A Washington, D.C., legal battle over President Donald Trump’s state tax returns could be moving to the New York courts, under a new ruling by the judge in the case issued on Thursday.
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The case, brought by Trump, aims to prevent the House Ways and Means committee from requesting his state tax records under a New York state law.
Trump is seeking to prohibit the committee from utilizing a just-passed New York state law which allows the state commissioner to turn over tax returns upon request of certain congressional committees. The case was brought by Trump against the House Ways and Means committee, as well as New York Attorney General Letitia James and the commissioner of the New York Department of Taxation and Finance, Michael Schmidt.
(MORE: Trump sues House Committee, NY AG, in ongoing effort to block access to his tax records)
Evan Vucci/AP Photo
President Donald Trump walks over to speak to reporters before departing for a campaign rally in Cincinnati, on the South Lawn of the White House, Aug. 1, 2019, in Washington.
But considerations over how the case should proceed have faced additional speed bumps due to arguments about whether the cause ought to be heard in Washington or in New York. An attorney on behalf of the New York Attorney General and New York Commissioner, Andrew Amer, has argued the D.C. courts do not have the authority to issue orders to his client and that the case ought to be before a New York judge.
Judge Carl Nichols, a Trump appointee who is new to the federal bench, has been grappling with how best to proceed in the case since attorneys for Trump and the House Ways and Means committee appeared before him on Monday. In court, Trump’s attorneys argued that Trump’s taxes could be requested and produced before there was an opportunity to litigate the matter. But an attorney for the committee argued that the courts have little power to regulate what is an appropriate request from Congress.
(MORE: New York lawmakers take steps to uncover Trump’s tax returns)
Nichols on Monday said he was considering a solution which would require New York to hold off producing Trump’s tax documents until the D.C. court and Trump’s legal team were notified should New York receive a request from Congress. But New York attorneys pushed back on that proposal, arguing that a decision needed to be made on whether the D.C. courts could tell the state of New York how to enforce its new law and that was necessary before further decisions could be made.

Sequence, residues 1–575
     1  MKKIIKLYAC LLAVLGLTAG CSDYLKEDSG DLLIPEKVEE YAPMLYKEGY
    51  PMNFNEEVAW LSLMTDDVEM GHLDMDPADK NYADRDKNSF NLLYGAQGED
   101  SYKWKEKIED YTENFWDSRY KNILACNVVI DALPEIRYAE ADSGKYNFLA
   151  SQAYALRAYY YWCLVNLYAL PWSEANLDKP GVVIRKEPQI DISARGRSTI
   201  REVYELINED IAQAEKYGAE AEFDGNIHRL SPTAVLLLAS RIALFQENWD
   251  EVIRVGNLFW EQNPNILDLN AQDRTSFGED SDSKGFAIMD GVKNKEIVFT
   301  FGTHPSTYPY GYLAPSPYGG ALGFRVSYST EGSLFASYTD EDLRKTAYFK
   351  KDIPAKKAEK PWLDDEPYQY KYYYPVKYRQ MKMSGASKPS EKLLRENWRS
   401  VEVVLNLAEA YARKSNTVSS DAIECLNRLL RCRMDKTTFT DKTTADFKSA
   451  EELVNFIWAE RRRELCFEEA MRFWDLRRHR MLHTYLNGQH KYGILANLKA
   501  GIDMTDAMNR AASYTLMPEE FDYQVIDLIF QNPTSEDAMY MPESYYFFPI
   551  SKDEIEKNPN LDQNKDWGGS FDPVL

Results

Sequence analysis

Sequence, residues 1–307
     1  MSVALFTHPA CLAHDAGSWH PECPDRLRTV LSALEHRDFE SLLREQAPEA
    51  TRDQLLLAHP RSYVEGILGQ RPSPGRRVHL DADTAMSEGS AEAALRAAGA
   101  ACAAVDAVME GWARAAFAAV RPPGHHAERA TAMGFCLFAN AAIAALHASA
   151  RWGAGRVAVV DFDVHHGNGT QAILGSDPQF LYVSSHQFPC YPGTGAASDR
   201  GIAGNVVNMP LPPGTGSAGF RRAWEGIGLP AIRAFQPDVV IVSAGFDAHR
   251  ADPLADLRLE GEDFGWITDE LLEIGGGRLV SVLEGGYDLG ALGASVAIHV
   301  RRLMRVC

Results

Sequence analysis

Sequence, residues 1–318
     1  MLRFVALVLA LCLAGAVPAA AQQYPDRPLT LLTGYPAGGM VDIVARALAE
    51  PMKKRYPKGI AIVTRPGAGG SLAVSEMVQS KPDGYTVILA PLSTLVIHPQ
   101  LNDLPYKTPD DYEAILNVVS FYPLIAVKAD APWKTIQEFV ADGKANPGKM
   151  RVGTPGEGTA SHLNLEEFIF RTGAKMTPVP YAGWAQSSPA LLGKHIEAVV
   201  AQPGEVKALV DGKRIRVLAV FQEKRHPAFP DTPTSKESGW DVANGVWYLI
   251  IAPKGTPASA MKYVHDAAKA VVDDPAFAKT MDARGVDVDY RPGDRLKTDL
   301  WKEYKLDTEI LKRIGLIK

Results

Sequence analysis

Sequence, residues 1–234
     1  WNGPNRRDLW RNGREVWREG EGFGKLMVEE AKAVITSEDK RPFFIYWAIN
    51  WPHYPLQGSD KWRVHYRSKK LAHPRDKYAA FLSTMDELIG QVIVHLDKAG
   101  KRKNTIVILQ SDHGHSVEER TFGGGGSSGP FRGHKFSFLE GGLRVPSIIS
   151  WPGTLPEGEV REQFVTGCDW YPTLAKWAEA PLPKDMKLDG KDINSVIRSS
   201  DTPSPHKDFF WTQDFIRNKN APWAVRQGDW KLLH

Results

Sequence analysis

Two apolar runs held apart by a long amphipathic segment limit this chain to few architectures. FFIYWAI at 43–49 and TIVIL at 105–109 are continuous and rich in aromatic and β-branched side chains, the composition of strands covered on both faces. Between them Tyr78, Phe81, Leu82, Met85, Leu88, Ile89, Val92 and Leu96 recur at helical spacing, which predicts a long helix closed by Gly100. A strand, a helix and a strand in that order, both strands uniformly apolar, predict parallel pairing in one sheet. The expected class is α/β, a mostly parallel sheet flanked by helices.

“It is not a close call,” wrote Amer in a status report on Tuesday, while arguing that the D.C. courts could not regulate his clients.
(MORE: New York tax department reviewing reported allegations against Trump)
Nichols ruled on Thursday in favor of this argument. New York attorneys were ordered by the judge to seek a dismissal in the case under their argument that the D.C. courts are not the correct venue for the legal battle. Trump’s legal team will then have an opportunity to submit written arguments for why the case should remain in D.C. before the parties again appear in court to try to hash out their differences.
While the matter is being decided, the judge told the New York commissioner not to produce Trump’s state tax returns, a concession agreed to in a previous filing.
House Ways and Means Committee Chairman Richard Neal discusses his request to IRS Commissioner Charles Rettig for copies of President Donald Trump’s tax returns as he talks to reporters at the U.S. Capitol in Washington., April 4, 2019.
The House Ways and Means committee has not yet made a request for Trump’s tax returns under the New York law. In fact, chairman of the House Ways and Means Committee, Rep. Richard Neal, D-Mass., has hesitated to actually use the new law to request the president’s state returns. Under the current language of the New York law, neither the committee nor New York state would have to provide notice to any party if the request for documents is made or if the documents are distributed. There’s also no specified wait period between request for and distribution of documents
But in their complaint, the president’s lawyers claim that Neal has “expressed a renewed interest in utilizing” the statute, citing media reports. And Trump’s attorney, William Consovoy, argued Monday that if the court did not take some sort of action, the president may not have the opportunity to defend himself in court should a request be made.
After almost 90-minutes of argument, Nichols instructed the parties to meet, along with Amer, to see whether they could find an agreeable solution. On Tuesday, the legal teams reported to the judge that they could not reach a determination on how best to proceed and instead, each party proposed suggestions for a path forward. The conclusion reached by Nichols on Thursday closely mirrors the proposal submitted by Amer.